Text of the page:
Shoulder surfing is actually a form of social engineering. It basically means an unauthorized third party is able to view a screen and any confidential data displayed on an electronic device. This privacy risk is common in public environments such as coffee shops or open office areas where co-workers, clients, and others can walk by a location where someone is working and their wandering eyes may able to see the private data on your screen.

Shoulder surfing risk can effectively be mitigated with simple, cost-efficient practices. One of easy way to counter shoulder surfing is to sit with your back to a wall. This way you are limiting other people’s ability to view your screen and data. You can also protect against shoulder surfing using a privacy screen for your computer. These inexpensive screens may however reduce your daily ease-of-use.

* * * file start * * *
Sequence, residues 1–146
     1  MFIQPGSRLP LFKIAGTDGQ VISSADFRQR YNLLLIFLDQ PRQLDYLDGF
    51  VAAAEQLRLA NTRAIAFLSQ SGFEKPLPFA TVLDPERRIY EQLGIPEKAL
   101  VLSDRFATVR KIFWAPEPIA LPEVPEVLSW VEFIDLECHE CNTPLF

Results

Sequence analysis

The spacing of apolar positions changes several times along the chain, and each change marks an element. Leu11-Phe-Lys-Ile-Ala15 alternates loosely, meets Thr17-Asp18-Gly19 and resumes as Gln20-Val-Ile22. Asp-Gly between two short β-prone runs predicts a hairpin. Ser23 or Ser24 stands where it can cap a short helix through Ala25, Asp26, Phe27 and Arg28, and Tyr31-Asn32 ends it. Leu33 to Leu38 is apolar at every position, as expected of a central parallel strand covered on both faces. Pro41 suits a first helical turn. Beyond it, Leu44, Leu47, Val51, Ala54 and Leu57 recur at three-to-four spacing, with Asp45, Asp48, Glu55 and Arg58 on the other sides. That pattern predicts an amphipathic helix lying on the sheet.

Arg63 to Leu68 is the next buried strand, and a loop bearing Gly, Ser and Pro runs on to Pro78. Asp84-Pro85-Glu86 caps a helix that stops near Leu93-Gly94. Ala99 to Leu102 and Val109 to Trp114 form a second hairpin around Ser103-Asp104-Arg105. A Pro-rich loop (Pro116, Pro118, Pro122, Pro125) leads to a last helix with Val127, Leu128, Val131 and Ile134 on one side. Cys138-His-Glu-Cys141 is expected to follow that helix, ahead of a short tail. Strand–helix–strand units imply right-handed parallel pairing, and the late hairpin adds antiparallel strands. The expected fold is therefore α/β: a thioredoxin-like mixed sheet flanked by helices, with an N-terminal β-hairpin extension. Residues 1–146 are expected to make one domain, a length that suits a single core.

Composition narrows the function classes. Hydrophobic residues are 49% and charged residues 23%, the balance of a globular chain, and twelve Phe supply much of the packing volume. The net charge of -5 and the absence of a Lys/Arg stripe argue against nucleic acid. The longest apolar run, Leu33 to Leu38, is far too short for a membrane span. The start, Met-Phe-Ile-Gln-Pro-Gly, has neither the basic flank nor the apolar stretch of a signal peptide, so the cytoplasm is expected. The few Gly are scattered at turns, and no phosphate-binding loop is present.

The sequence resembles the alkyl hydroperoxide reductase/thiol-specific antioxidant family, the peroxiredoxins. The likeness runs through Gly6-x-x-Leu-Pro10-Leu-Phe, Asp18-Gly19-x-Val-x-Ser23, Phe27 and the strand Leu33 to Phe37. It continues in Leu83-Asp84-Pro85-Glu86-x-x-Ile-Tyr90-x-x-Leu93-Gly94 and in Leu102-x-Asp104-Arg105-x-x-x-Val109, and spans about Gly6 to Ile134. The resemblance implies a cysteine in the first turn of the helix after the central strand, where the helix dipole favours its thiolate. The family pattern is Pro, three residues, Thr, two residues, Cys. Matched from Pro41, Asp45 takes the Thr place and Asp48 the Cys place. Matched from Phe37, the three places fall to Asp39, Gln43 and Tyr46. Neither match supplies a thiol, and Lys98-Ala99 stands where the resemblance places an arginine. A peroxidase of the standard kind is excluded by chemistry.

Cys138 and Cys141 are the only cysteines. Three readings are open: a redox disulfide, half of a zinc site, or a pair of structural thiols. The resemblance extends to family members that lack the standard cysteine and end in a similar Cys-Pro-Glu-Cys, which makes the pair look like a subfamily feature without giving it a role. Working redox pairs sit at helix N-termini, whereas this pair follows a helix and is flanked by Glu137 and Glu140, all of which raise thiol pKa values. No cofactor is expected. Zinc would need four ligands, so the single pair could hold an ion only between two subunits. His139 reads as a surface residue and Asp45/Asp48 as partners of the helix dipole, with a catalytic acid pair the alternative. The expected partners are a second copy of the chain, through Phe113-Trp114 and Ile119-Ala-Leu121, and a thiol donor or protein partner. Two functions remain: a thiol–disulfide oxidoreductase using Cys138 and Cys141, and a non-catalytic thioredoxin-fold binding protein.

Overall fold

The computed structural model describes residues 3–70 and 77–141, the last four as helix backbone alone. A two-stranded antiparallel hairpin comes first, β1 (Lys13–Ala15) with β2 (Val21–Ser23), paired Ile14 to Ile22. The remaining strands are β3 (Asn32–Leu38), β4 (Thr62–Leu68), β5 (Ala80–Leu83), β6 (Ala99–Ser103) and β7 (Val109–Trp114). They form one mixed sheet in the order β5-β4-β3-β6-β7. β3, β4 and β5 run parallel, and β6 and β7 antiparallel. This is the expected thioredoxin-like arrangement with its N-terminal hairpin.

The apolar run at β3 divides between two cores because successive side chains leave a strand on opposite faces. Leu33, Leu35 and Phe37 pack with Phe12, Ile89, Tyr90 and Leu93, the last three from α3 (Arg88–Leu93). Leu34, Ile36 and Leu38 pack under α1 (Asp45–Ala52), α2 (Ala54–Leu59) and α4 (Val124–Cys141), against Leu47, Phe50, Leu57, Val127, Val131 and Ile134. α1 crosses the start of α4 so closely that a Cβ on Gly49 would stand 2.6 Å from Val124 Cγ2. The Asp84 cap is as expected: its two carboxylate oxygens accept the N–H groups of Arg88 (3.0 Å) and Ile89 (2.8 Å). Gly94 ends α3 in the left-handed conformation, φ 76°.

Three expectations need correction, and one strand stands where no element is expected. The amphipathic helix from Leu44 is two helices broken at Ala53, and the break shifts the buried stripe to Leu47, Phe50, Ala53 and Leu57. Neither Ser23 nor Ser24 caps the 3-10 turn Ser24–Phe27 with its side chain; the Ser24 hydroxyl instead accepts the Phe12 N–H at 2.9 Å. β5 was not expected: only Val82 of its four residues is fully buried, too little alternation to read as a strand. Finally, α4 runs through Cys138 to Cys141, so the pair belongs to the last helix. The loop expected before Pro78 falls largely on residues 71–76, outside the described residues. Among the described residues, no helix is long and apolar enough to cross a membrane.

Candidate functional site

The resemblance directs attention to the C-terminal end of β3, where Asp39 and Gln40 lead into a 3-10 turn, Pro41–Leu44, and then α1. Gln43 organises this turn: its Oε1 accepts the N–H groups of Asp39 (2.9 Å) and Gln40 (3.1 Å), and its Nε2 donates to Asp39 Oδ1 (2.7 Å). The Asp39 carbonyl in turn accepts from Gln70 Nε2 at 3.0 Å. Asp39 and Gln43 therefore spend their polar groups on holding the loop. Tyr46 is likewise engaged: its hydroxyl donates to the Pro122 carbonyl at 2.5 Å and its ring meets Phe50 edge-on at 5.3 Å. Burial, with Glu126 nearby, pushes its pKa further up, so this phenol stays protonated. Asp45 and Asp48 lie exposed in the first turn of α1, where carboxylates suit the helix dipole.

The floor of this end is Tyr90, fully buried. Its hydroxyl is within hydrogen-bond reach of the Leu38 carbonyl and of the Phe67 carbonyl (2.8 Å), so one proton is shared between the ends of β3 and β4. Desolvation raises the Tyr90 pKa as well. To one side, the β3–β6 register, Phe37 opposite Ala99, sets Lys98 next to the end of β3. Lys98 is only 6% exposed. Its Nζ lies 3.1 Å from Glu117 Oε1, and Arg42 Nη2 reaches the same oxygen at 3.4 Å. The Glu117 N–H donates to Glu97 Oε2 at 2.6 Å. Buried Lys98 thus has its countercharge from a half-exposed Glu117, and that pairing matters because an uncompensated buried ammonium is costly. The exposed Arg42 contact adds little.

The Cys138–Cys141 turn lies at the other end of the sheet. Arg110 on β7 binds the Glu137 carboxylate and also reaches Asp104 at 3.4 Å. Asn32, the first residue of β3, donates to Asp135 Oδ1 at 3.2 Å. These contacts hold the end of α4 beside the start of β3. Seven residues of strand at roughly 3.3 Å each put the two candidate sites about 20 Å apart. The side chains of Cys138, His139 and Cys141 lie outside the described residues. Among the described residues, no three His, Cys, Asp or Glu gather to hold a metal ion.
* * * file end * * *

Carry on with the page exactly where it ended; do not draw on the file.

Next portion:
Also, shoulder surfing risk is not limited to public environments. Many times, attackers plan to gain visual access to a computer screen while an employee is unsuspecting and in their normal workplace. Visitors to a company, for instance, can easily glance at screens as they walk around and tour the company floor. The risk here is that many people believe they are safe from malicious intent at work, but vendors, onsite clients, other visitors, even co-workers should be considered possible privacy risks. Precautions against shoulder surfing to enhance security should always be practiced whether you are at work or in public environments.

Ultimately, employing these simple mitigation tactics we have shared can help reduce the likelihood of shoulder surfing affecting your business and may even end up preventing a costly security breach at your company and loss of trust from your customers.